- Share your opinions of the draft maps;
- Hear from your neighbors and local organizations.
What are the current district line boundaries?
You can find an interactive map of the County’s current supervisorial districts here.
What criteria will our Board of Supervisors use when drawing district lines?
The Board shall adopt supervisorial district boundaries that comply with the United States Constitution, the California Constitution, and the federal Voting Rights Act of 1965 (52 U.S.C. Sec. 10301 et seq.).
- Districts shall be substantially equal in population as required by the United States Constitution.
- Districts shall not violate the Federal Voting Rights Act.
- No racial gerrymandering.
Districts must comply with California state law (Elections Code Section 21500). To the extent practicable and in the following order of priority, the Board shall adopt supervisorial district boundaries using the following criteria:
- Districts shall be geographically contiguous. Areas that meet only at the points of adjoining corners are not contiguous. Areas that are separated by water and not connected by a bridge, tunnel, or regular ferry service are not contiguous.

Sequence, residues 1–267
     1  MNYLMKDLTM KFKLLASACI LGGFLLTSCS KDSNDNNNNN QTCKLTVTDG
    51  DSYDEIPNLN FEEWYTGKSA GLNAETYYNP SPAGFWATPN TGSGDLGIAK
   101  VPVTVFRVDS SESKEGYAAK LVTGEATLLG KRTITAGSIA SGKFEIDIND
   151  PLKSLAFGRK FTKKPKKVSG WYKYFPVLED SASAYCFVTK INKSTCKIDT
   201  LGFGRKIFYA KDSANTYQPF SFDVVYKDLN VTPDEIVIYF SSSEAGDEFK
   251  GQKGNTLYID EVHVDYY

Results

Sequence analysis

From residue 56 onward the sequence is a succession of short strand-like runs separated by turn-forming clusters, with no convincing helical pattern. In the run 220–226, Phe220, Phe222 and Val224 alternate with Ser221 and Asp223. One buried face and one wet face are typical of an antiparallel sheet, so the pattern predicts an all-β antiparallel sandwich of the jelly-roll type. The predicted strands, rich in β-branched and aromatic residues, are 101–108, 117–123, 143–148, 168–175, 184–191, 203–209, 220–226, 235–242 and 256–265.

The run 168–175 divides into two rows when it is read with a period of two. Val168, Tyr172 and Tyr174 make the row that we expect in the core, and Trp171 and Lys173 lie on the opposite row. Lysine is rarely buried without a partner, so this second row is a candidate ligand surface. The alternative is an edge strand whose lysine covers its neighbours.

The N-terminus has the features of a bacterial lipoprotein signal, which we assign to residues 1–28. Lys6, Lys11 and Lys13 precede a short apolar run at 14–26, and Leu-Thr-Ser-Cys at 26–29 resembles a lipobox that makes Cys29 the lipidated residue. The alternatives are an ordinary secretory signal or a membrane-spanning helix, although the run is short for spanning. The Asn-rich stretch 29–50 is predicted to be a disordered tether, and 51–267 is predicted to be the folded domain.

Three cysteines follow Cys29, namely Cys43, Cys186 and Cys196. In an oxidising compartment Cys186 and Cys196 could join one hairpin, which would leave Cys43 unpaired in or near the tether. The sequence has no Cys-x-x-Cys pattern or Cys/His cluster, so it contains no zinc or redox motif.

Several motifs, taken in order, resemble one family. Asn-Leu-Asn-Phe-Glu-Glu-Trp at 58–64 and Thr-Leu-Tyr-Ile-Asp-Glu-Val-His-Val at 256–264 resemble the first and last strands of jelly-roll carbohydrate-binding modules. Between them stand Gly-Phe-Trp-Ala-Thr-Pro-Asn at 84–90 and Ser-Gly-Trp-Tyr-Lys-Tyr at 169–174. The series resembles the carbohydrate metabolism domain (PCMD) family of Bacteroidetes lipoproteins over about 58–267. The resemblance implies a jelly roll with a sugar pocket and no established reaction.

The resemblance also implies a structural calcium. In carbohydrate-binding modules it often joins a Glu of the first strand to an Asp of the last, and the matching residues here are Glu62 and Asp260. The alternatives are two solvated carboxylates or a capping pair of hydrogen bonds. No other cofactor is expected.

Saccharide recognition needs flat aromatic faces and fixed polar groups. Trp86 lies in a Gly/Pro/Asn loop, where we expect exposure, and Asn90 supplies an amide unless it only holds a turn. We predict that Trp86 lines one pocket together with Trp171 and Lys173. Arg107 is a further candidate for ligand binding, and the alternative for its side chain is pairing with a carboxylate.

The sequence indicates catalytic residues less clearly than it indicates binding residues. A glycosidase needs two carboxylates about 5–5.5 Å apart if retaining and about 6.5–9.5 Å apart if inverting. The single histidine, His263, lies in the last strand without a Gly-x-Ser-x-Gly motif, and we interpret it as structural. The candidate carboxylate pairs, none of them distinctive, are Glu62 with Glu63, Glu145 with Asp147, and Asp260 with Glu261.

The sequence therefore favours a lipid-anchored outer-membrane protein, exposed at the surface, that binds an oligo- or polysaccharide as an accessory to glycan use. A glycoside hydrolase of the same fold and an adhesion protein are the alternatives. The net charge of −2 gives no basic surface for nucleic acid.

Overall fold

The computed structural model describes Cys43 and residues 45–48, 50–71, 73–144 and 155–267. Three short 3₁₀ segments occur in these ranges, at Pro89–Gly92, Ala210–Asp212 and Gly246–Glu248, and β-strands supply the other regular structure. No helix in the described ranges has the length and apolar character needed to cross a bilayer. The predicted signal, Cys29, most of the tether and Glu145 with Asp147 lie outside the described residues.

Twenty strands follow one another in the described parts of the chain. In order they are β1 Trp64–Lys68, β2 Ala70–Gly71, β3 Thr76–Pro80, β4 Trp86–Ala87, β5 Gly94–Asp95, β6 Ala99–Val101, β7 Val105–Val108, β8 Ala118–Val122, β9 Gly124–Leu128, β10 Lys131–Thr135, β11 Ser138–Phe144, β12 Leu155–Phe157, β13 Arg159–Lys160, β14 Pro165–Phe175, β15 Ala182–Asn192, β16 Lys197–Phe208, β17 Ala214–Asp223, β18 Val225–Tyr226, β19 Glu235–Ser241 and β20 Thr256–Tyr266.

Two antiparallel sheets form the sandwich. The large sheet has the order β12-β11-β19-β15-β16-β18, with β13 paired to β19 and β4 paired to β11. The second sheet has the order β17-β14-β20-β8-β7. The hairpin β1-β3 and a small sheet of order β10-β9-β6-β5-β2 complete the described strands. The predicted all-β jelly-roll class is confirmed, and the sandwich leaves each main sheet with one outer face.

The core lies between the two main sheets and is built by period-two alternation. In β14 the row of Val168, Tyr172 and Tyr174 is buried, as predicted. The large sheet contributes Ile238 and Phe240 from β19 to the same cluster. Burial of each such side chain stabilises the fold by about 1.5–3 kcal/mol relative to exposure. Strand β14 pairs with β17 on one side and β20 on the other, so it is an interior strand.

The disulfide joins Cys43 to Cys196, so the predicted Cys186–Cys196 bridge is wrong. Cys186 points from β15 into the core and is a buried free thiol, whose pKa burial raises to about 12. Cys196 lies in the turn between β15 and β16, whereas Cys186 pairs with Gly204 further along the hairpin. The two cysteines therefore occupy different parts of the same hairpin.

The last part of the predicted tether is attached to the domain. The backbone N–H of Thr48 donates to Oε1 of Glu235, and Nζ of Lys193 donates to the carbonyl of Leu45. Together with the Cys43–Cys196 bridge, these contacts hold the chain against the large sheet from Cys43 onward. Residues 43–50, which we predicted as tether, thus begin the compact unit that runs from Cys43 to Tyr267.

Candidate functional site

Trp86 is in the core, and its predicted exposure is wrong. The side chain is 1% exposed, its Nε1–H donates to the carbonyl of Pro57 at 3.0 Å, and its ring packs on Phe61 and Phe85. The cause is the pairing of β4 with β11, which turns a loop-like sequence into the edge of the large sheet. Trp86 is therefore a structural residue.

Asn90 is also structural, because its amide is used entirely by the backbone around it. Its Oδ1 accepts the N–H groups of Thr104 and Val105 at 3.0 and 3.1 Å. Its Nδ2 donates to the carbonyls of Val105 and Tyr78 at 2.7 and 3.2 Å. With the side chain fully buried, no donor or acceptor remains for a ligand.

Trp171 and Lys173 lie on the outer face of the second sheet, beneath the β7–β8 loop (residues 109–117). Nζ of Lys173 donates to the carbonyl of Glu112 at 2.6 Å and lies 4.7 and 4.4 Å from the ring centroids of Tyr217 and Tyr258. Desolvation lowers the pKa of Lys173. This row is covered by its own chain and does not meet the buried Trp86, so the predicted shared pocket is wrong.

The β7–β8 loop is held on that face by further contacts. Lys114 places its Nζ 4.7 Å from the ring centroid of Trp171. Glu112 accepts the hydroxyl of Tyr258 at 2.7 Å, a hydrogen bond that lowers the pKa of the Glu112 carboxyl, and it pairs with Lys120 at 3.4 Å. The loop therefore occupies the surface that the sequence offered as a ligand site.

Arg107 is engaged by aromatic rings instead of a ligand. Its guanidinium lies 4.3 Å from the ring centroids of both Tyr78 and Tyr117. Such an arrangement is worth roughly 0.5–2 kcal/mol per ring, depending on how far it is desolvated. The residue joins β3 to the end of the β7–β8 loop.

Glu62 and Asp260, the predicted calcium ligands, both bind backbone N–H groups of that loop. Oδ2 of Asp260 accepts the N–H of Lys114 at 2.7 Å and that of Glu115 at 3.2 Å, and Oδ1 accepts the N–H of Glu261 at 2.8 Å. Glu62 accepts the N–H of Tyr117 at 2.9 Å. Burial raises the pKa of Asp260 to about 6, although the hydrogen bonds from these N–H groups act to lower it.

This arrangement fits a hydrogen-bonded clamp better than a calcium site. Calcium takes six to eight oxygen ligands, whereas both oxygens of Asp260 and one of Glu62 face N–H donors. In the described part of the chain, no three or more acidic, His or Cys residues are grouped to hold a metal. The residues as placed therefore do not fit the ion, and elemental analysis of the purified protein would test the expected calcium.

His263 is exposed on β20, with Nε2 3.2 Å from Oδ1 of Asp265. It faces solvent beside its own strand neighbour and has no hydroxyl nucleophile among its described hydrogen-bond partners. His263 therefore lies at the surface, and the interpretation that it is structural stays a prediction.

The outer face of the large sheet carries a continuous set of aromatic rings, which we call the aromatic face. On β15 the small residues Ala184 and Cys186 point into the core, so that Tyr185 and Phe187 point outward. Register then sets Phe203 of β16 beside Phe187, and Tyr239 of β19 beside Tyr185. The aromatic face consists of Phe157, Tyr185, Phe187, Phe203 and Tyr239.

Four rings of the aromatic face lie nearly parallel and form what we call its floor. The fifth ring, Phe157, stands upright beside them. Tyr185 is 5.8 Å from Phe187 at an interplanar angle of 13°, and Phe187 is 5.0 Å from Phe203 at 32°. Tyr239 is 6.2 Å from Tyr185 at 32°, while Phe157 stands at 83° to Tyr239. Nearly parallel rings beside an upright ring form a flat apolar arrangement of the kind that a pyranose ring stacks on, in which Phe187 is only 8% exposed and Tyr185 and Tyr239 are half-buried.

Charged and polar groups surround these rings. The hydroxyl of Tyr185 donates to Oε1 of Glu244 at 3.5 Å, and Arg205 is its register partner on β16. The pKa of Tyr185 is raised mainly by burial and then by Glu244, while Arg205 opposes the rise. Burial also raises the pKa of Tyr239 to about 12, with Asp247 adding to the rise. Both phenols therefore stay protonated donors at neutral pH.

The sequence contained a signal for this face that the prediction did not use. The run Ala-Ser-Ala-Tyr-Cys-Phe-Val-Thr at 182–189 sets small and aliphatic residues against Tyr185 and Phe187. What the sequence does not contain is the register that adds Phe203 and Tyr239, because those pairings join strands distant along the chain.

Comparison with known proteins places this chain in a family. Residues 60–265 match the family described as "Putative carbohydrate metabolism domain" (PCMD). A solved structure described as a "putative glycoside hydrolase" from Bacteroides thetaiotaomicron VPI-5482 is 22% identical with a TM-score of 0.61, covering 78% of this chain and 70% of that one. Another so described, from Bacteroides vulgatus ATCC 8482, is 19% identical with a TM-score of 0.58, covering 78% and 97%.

- Districts shall minimize the division of neighborhoods and local communities of interest. A “community of interest” is a population that shares common social or economic interests that should be included within a single supervisorial district for purposes of its effective and fair representation.
- Districts shall minimize the division of cities and census designated places (CDPs). CDPs are statistical geographic entities representing closely settled, unincorporated communities that are locally recognized and identified by name. They are the statistical equivalents of incorporated places, with the primary differences being the lack of a legally defined boundary and an active, functioning governmental structure, chartered by the state and administered by elected officials.